Specialist Palliative Care in the Community

About palliative care 

Palliative care helps people with a life-limiting illness live their life as fully and comfortably as possible. Palliative care identifies and treats symptoms which may be physical, emotional, spiritual or social. It is a familycentred model of care, meaning that whānau and friends can also receive practical and emotional support. Nurse Maude provides a range of specialist hospice and palliative care services for those living in Canterbury. All services are free to patients and their whānau with costs partially met by the government and the remainder through the generosity of the community. 

Palliative care in the community 

Palliative care provided by district nurses, GPs and other health professionals is known as primary palliative care. Often this is enough to help patients manage and stay in their own home for as long as possible without the involvement of specialist palliative care. Nurse Maude’s specialist palliative care team is skilled in monitoring and supporting patients at home who may have more complex or challenging pain or other symptoms causing concern. They work alongside general practitioners, district nurses, pharmacists and other health professionals to provide the best possible care.

Referrals

Referrals can be made by any health professional. If the referral meets the criteria for specialist palliative care, it will be accepted. A member of the team arranges to meet the patient either at a clinic or at their home, to complete an assessment and plan their care. Further visits are arranged if required, but it is usually the district nurses who provide ongoing palliative support at home. 

Services

Palliative care is very much a team approach – some team members can help with a specific issue for a short period of time while others may become involved for longer periods. Care is tailored to an individual’s need, and may be offered by some, or all, of the following team members:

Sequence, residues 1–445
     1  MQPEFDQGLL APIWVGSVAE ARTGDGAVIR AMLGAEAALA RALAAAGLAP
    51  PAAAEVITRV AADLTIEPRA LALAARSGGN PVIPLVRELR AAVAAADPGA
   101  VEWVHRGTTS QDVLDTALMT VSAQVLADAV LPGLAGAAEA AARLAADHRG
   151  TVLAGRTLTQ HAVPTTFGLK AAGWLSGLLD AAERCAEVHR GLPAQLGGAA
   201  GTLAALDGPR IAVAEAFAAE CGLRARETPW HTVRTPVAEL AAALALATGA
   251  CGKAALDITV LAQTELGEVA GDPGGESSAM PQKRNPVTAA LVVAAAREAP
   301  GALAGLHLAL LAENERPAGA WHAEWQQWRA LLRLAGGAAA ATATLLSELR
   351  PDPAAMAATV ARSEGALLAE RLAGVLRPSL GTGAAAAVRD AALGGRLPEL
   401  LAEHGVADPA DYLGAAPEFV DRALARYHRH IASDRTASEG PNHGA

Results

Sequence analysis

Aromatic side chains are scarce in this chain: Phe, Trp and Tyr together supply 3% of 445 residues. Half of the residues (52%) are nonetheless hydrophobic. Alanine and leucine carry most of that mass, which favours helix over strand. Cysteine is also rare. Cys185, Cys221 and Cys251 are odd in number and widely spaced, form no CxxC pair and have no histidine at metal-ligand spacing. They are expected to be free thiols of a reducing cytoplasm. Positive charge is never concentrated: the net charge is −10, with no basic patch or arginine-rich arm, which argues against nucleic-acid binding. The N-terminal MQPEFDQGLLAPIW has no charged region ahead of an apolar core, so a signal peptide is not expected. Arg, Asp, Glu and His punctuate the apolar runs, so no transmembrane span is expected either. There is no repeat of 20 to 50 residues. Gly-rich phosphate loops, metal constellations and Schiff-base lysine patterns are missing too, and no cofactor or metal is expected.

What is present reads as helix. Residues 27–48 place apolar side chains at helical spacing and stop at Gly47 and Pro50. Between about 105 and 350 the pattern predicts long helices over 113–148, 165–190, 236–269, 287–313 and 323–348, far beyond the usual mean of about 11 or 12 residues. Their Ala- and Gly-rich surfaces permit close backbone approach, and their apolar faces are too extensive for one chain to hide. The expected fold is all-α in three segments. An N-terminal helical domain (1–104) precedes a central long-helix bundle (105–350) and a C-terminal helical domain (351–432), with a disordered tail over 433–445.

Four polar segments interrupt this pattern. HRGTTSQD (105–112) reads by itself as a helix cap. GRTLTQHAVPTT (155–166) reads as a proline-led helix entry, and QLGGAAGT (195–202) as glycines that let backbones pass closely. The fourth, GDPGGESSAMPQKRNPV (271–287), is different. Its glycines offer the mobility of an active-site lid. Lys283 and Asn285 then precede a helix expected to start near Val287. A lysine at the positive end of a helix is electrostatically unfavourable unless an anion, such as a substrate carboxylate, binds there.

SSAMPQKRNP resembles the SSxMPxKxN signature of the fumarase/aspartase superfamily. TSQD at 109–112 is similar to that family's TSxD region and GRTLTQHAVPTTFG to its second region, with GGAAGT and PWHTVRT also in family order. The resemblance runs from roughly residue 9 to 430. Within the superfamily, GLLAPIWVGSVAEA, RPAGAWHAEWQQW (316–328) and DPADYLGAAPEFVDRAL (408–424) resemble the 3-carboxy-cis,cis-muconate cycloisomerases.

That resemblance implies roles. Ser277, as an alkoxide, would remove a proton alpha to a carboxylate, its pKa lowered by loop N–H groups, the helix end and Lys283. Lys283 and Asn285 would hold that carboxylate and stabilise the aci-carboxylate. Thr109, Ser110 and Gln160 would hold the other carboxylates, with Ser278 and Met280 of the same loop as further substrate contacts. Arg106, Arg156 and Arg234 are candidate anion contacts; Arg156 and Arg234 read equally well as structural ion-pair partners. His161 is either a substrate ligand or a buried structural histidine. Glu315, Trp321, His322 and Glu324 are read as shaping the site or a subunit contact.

Nurse Specialists: some patients will have a palliative care nurse specialist who assists with symptom management and advice and liaises with any other services involved. They can also support residents in residential care. 

Specialist Doctors: support community nurses and are available to GPs for advice and information. Doctors may visit at home but always keep the patient’s own GP informed. 

Whānau Support Team: offer information, advocacy and personal, practical and spiritual support to patients and their whānau. The team consists of counsellors, spiritual care worker, Māori Liaison and Kaiāwhina. 

Social Workers: support psychosocial wellbeing of patients and whānau. They can help with many of the practical issues facing patients and their whānau and are able to provide information about community resources which may assist patients and whānau. 

Needs Assessor: visits to discuss what support is available to stay at home. If staying safely at home isn’t possible, they work with the patient and their whānau to provide information and options for longer term residential care. 

Dietitian: visits to offer suggestions on eating, and food and fluid choices to help manage symptoms such as nausea, constipation and taste changes. 

Occupational Therapist: focuses on a patient’s ability to undertake self-care, leisure or work related activities. To achieve this, they may suggest modifying activities or provide equipment that maximises independence and safety. 

Physiotherapist: helps maintain independence and mobility around the home which can include providing exercises, falls prevention education and equipment if required. Can also assist with management of stress, pain and anxiety. If you or your whānau have any concerns, please talk to a member of the Nurse Maude team. We appreciate that this situation may be completely unfamiliar for you. Please allow us to assist you with your concerns no matter how trivial they may seem. We value your perspective and want to work in partnership with you to provide the best possible care